Before the War, the New Orleans Daily Delta was not a pro-Irish immigrant newspaper. The Delta had published a series of articles condemning the Irish for causing all sorts of ills in the city. The Irish, said the Daily Delta, were forever “kicking up rows and breaking heads.” Yet, that same newspaper reported the consecration of the Irish Flag to be borne by the Montgomery Guards. The Montgomery Guards were named for Gen. Richard Montgomery, Irish born, who served in the Continental army during the American Revolution. He had risen through the ranks of the British army, and took up the patriot cause. He fell at Quebec. For the Irish in the 1850’s, he was a great Irish-American hero.
By March, 1861, Louisiana had already seceded. Ft. Sumter and Lincoln’s levy of 75,000 troops had not yet occurred. But, by St. Patrick’s Day, war looked very likely. The Montgomery Guards were the oldest Irish militia in New Orleans. In the 1800’s, militias were more than martial organizations. They served a prominent social role, as well. And, the Montgomery Guards were at the top of the Irish social ladder. Indeed, they had been criticized over the years for the expense of their uniforms. That large expense limited their membership to only the most prosperous Irish immigrants.
In times like war, the Irish turned to their trusted institutions. In 1861, the Montgomery Guards celebrated St. Patrick’s Day be seeking the blessing of the church on their flag. The flag was beautiful. It was green with fringe. On one side, there was a wreath of cotton plants, with the words, “Montgomery Guards, organized 8th January, 1861.” On the other side, there was a wreath of cotton plants, with the words, “Louisiana, our home: her cause is ours.”
St. Patrick’s Day
On St. Patrick’s Day, the Guards marched with their flag from their armory in what is now downtown New Orleans to St. Alphonsus church. St. Alphonsus is uptown in the area now known as the Irish channel. St. Alphonsus was largely erected and built by Irish labor. It is said that the Irish workers would come home from their various jobs and then go work as volunteers on the church after hours.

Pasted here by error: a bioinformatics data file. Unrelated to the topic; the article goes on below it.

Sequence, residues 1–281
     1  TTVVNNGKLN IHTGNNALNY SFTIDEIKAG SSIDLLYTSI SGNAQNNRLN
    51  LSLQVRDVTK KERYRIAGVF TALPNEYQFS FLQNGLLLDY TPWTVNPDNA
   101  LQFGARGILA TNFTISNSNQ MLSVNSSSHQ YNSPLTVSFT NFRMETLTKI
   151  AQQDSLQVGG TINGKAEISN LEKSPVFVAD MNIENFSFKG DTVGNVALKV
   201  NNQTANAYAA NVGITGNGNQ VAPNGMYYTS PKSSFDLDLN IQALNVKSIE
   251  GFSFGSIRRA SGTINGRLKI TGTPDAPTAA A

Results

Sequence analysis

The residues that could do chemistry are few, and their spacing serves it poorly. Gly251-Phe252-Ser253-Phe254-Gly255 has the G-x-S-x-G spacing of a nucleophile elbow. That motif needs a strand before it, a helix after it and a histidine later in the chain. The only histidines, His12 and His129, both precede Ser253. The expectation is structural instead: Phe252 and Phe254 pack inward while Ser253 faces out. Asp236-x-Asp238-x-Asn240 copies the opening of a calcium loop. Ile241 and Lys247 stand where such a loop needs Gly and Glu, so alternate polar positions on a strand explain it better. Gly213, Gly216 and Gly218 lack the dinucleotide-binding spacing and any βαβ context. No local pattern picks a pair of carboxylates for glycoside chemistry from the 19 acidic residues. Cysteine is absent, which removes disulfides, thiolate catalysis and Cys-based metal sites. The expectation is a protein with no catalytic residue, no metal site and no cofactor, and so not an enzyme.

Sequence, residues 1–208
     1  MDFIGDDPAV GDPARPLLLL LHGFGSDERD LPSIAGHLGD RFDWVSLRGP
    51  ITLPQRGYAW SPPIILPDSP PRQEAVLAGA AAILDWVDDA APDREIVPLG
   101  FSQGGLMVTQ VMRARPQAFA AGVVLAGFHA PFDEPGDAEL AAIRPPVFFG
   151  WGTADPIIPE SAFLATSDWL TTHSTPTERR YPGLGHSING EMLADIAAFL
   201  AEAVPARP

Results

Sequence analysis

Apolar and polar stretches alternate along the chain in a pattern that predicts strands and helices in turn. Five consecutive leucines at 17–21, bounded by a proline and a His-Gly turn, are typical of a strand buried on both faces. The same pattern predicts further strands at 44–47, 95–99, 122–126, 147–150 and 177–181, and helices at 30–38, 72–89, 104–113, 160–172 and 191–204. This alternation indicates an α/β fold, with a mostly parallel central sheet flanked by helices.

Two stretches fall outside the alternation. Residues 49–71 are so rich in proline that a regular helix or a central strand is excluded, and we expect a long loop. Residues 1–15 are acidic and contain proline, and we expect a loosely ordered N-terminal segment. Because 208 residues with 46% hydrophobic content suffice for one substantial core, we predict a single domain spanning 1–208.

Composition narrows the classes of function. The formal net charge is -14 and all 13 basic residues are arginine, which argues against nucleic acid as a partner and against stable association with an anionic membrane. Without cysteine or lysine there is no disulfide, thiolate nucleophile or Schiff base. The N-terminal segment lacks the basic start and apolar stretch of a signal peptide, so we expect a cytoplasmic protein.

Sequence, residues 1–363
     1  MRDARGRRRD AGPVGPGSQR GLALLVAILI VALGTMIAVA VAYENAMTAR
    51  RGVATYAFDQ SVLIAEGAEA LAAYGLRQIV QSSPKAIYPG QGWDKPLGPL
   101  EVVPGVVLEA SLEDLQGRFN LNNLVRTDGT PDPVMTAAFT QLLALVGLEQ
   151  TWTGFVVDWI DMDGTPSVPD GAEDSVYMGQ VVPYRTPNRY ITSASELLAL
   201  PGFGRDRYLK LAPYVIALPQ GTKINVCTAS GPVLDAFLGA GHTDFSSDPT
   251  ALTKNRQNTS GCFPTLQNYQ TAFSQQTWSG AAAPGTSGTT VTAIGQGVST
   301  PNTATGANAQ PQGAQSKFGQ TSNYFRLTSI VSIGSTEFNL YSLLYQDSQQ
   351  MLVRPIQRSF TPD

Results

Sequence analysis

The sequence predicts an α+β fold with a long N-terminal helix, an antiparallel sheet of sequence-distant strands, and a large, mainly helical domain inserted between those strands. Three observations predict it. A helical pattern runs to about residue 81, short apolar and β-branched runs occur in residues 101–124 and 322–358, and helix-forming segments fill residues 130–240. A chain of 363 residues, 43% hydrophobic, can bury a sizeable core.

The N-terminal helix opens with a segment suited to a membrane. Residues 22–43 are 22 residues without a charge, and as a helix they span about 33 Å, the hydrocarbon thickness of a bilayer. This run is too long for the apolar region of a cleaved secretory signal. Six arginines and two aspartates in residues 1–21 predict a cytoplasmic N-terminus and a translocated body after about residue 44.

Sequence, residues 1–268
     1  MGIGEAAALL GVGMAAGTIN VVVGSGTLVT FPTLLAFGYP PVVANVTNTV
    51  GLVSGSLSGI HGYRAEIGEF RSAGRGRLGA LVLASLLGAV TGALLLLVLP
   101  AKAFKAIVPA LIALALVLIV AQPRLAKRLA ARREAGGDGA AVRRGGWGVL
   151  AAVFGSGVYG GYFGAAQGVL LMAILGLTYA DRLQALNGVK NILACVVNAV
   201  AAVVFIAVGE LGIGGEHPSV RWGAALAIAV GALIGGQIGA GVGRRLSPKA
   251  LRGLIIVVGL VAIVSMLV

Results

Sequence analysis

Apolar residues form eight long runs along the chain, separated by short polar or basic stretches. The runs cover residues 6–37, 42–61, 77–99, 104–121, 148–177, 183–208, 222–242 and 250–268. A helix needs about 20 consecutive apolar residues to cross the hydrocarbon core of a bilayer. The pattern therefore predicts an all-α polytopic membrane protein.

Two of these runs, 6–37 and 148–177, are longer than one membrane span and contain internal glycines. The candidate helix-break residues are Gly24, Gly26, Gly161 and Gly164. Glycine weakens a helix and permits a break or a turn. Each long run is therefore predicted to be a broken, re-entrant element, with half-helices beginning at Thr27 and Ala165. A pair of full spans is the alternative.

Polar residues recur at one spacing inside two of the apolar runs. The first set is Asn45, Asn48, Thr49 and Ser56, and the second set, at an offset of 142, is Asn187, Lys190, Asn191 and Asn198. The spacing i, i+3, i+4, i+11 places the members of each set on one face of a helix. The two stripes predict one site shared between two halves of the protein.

At the church, the esteemed Fr. Duffy blessed their flag. Representatives from other militia units attended. The commander of the Louisiana Greys, Capt. Dean, attended. Sponsors of the flag included two Misses Redmond, Ann Farrell, two Misses O’Neil, Miss O’Shea, Gen. E.L. Tracy, Gen. Denis Cronan, Capt. C.D. Dreux (Orleans Cadets), Capt. C.E. Girardey (Louisiana Guards), and Capt. Dean. Fr. John B. Duffy exhorted the Montgomery Guards that defending their country with the spirit of a Christian soldier was to serve God. The female sponsors may have been the women who made the flag.
After the blessing, the Guards marched around town and returned to their armory. They held a celebration which likely included food and drink. The Daily Delta said this was the only St. Patrick’s Day celebration that year. The Irish may have left their country, but they brought much of their country with them.
New Orleans Daily Delta, March 19, 1861, p. 2, col. 6
New Orleans Daily Picayune, March 19, 1861, p. 4, col. 6
Earl Niehaus, The Irish in New Orleans (Baton Rouge: LSU Press 1965), pp. 88